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Tess Vigeland: This week, we kick off our annual series on philanthropy, looking at trends affecting the nonprofit world. One of the huge trends overall this year is social media. Facebook and Twitter have already revolutionized the way we communicate with each other. Turns out, they're also changing how we give to charities. Last year, social media accounted for more than $2 billion in donations.
Marketplace's Jennifer Collins tells us it's changing the way nonprofits operate.
Jennifer Collins: Recognize this sound?
Sound of bell ringing
The Salvation Army has been ringing bells like that for more than a century to get people to drop spare change into its little red kettles. But about 10 years ago, donations to those kettles started to fall. With the proliferation of credit and debit cards, people didn't always have change on hand.
George Hood oversees development for the Salvation Army.
George Hood: My cynical side about five years ago said, there's going to be a day when these bell ringers and the red kettles are going to start to disappear.
So the Salvation Army began recruiting virtual bell-ringers through Facebook and Twitter.
Hood: You get a virtual kettle that has your name on it, and then you e-mail blast all of your friends and ask them to donate to the Salvation Army through your red kettle.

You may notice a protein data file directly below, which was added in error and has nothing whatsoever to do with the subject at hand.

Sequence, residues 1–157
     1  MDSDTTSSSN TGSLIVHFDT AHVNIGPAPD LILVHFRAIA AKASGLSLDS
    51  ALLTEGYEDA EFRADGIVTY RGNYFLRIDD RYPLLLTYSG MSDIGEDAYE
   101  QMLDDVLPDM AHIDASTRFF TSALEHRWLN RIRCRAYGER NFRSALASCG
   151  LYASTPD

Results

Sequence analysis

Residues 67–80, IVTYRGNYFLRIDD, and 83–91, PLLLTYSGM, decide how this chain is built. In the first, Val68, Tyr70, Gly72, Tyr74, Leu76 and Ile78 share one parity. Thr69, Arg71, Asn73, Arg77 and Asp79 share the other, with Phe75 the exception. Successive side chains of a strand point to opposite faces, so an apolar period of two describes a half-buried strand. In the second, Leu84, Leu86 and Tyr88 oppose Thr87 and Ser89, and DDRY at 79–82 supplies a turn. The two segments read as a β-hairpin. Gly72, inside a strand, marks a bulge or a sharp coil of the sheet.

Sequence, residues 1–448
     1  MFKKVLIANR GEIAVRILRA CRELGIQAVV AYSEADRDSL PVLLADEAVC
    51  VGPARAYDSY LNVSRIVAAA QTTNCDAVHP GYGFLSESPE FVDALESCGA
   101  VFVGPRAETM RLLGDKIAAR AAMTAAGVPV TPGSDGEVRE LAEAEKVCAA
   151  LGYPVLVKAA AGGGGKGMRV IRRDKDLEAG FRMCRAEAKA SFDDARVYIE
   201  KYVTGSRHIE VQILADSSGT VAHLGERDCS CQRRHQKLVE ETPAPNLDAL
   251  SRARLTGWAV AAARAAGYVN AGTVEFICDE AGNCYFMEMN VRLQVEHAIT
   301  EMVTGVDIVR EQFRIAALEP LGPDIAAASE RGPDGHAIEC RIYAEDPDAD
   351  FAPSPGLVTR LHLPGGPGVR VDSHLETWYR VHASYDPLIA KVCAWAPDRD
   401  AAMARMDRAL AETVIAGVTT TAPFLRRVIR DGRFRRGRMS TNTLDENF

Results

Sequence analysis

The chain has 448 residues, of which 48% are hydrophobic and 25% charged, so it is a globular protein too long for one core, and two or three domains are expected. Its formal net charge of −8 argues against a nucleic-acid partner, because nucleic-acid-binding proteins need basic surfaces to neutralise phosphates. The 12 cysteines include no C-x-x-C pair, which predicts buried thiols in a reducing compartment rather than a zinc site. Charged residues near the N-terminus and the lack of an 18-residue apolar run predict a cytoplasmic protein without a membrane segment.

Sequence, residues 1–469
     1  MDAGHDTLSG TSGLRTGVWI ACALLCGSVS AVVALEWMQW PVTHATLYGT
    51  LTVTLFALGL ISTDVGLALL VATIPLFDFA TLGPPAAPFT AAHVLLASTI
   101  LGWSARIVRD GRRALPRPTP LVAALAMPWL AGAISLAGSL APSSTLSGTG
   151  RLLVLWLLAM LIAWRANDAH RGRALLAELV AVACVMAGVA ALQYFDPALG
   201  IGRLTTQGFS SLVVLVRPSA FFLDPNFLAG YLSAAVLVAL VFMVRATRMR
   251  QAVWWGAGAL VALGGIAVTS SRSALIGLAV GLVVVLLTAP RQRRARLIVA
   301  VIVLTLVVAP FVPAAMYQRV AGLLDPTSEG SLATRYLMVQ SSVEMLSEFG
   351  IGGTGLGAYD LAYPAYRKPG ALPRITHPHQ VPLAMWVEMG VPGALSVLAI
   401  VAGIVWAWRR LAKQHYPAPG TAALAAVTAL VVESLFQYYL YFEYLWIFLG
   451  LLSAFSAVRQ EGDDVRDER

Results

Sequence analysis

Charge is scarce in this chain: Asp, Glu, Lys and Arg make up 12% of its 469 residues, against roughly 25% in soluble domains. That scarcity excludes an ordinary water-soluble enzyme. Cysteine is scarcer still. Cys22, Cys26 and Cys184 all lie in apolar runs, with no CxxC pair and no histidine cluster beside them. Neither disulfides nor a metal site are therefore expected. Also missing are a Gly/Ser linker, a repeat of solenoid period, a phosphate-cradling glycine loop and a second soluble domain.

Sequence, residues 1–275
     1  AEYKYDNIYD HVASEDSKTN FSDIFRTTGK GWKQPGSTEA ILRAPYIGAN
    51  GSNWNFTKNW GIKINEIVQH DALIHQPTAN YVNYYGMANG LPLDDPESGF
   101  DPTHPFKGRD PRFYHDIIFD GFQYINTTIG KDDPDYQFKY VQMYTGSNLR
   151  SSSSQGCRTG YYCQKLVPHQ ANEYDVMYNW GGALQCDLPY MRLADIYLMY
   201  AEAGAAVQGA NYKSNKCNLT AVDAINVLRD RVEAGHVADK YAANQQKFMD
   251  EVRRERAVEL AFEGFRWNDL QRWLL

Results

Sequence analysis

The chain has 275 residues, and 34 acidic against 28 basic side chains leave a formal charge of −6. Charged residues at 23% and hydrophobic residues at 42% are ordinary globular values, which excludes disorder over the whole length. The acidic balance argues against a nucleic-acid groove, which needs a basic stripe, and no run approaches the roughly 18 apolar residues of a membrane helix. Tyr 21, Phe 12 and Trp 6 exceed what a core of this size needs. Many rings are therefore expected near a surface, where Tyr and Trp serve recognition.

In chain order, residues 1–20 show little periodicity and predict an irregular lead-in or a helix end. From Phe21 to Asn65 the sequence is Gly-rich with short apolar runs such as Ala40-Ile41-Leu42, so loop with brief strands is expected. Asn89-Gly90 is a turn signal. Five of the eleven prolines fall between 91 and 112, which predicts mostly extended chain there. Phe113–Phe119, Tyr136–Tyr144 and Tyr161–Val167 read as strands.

The effort generates nearly $3 million a year. And it's helped change the way the Salvation Army raises money. Hood says the group's traditional donor base is aging out. So the Salvation Army decided to phase out radio advertising and use that money to bolster its presence online.
Hood: We know that our future is dependent on connecting with emerging generations. And we know that we can't communicate with these emerging generations through newspapers and radios much longer. They're going to the Internet to get all of their information.
Social media has also been essential to the success of small, start-up charities. Take ShelterBox USA. The group is part of a British charity that ships boxes with tents, water purifiers and other basics to places hit by disasters.
Veronica Brandon Miller had just started as executive director at the U.S. office in January when Haiti was hit by a massive earthquake.
Veronica Brandon Miller: There were two people in the office, me and the database manager.
Moments after the quake, they jumped online, sending out requests for help through Facebook and Twitter. Prominent bloggers soon picked up on their efforts.
Miller: And 43 minutes later -- it was very interesting -- CNN called my cell phone to see what we were doing. And I'm like, "We are already on our way."
ShelterBox was eventually able to provide supplies for a quarter of a million Haitians. In the months after the earthquake, the group went from less than a million dollars in donations to more than $10 million.
Miller: We had absolutely no money for getting our word out there. So social media really saved us.
And it might just be helping to save that age-old practice of ringing bells for the Salvation Army.
The group says since it started using social media, more donations are piling up in those real red kettles outside stores. That bell, by the way, is the Salvation Army's iPhone app.
I'm Jennifer Collins for Marketplace.